Subject: Re: kernel bug in NetBSD/Amiga? Help!
To: Jake Hamby <>
From: Calvin <>
List: amiga
Date: 12/17/1995 07:10:07
On Sat, 16 Dec 1995, Jake Hamby wrote:

> I've still been having trouble trying to compile GCC 2.7.2 with 
> NetBSD/Amiga due to what I am now certain is a subtle VM problem with the 
> Amiga kernel!  Please take the time to test this simple program on your 
> system and report to me (no need to copy to the NetBSD list) whether or 
> not it crashes).  Beware that it will eat up a certain amount of swap 
> space, 16MB should be adequate.  Thanks!
> This test program which will reliably segfault with i=174687, which
> you can verify with gdb on the core.  It creates 500,000 nodes in a chain,
> then traverses the chain, then recursively traverses the chain and frees
> the nodes in reverse order (it is when traversing the second time,
> searching for the end node, that it segfaults).  Considering the large
> number of nodes, it should give a good workout to the VM subsystem as well
> as malloc/free/sbrk.  It consistently crashes on my NetBSD/Amiga system.

The keyword here is recursive.  Recursive programs require a large 
amount of space to maintain each stack frame.  The reason why this 
program works for a smaller number of nodes is because there are very 
few stack frames involved--but increase to half a million nodes, then a 
recursive program requires such a staggering amount of stack compared to 
an iterative program doing the same thing.  So instead of giving the VM 
subsystem a workout, this is a stack exercise :-).  The problem has 
nothing to do with virtual memory.... or at least it shouldn't.  I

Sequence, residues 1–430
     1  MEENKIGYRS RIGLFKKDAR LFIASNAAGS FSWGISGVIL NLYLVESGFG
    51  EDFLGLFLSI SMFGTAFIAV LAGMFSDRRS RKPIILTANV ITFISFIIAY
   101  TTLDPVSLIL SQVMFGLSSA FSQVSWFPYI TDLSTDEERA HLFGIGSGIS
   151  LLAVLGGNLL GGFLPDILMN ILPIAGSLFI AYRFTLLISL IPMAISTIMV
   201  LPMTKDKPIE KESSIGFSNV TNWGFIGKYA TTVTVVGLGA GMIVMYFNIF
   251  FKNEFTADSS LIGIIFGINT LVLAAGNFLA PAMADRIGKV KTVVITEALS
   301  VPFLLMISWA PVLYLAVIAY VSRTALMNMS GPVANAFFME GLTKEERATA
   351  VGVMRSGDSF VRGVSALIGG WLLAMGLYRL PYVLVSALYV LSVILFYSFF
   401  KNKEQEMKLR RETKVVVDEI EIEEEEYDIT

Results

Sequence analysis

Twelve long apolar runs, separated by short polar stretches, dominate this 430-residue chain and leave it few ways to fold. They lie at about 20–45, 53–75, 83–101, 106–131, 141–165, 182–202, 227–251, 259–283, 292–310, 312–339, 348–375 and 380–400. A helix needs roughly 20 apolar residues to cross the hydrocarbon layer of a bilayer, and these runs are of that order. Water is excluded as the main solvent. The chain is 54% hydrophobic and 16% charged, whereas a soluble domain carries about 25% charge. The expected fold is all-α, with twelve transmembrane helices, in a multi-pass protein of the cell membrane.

havn't tested it on my system but how about this... if you're running CSH:

limit stackspace 65535

this will increase your stack from 8K to 64K.  This should solve your 
problem.  If this doesn't work, try:

unlimit stackspace

and run your program again.  The default stackspace csh gives to a 
program is 8K and with an application like yours, it seems like you're 
using up all your stack quite quickly.  When a program runs out of 
stack space, your program will try to read across a memory boundary, and 
this generates an error (segfault).... this can occur at any time the 
stack runs out so your program will segfault, and your counter i will 
contain the value at the time your program got the fault, but it won't 
TELL you anything because the memory bounds read occured in the stack...

Sometimes I dunno why they teach recursion in CS classes.  :*)

 o/ \o/  o  <o   o  o   o    She walks in  beauty, like the night
<|   |  /|\  |> <|><|> <|\       Of cloudless climes and starry skies;
/|  / \  /| / \ //  \\ / \   And all that's best of dark and bright
""""""""""""""""""""""""""""     Meet in her aspect and her eyes.  (Byron)